Even if Britain opts to ‘Remain’ on Thursday night, the debate about immigration is likely to continue. Immigration has been a key theme throughout the referendum debate and ranks very highly in voter concerns according to a recent poll from Ipsos Mori. A large ‘Leave’ vote, even a losing ‘Leave’ vote will be interpreted as a sign of disillusionment with current government policies on immigration and a signal that the public want a more effective system.
Above all else the British public want an immigration system that they can trust and that they view as fair. A government that repeatedly fails to meet its own immigration targets will not gain trust. Consecutive Conservative manifestos have pledged to bring immigration to the tens of thousands, but according to the latest ONS stats they remain well off that target. Feasibly there is no way that this can be met. The longer the government stands by this promise, the more trust will decline. Politically it is hard for any government to renege on a commitment, but a more considered targeting system, possibly separating skilled and non skilled migration which could be hit would be smarter.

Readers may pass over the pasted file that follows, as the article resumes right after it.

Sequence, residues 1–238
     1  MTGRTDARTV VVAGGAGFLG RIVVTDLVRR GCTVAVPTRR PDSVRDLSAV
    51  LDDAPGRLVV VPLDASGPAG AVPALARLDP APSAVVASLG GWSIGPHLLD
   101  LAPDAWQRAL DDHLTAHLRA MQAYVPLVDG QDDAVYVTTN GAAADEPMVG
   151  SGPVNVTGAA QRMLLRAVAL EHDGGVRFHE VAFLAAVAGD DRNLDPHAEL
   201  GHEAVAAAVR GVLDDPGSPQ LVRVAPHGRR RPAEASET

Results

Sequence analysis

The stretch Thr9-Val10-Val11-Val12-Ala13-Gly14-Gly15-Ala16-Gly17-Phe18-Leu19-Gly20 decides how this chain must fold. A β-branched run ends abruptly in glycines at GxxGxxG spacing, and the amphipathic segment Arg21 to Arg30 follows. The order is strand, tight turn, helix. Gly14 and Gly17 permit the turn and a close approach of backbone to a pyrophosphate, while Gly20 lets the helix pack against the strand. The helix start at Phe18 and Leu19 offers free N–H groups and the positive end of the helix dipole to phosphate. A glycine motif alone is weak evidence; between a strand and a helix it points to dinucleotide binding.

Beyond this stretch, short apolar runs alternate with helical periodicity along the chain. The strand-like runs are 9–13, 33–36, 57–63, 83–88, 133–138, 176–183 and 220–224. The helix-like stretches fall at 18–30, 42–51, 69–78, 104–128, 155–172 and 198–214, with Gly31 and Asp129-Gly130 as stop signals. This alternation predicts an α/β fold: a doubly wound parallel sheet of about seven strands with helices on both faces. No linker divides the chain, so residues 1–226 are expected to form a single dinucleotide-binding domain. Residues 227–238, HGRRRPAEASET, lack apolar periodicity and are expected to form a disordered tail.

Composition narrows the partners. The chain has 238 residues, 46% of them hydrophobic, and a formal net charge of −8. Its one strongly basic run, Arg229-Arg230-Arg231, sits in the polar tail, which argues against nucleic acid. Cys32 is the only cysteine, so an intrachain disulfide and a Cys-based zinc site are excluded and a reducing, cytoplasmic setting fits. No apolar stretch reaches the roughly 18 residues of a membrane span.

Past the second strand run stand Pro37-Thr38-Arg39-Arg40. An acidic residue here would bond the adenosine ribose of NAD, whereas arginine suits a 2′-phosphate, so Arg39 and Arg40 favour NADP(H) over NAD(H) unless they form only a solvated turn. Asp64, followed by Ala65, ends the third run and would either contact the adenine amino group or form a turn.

Fairness must also be at the heart of future immigration policy. Immigration has had a disproportionate effect on certain areas of the country and this has caused some strain. A proper migration fund set up to help areas with high migration would be astute. Increasingly this idea is gaining traction with Yvette Cooper the latest to back this move. A contributory welfare system where new arrivals have to pay in before they can take out and rigorous enforcement of the minimum wage ensuring British workers cannot be undercut are also other possible suggestions.
It is not racist to be worried about immigration, nor discuss the topic and there are many legitimate fears which should be tackled and will continue to exist after the referendum. The conversation though must be sensible and reasonable. These reform proposals would not solve the problem overnight but are a decent starting point for debate post-referendum in the event of a ‘Remain’ win. It is time to move from the somewhat hyperbolic language we have seen in recent weeks to the more sensible, reflective and reasonable.
Article by Mike Hough
Photograph – Sky News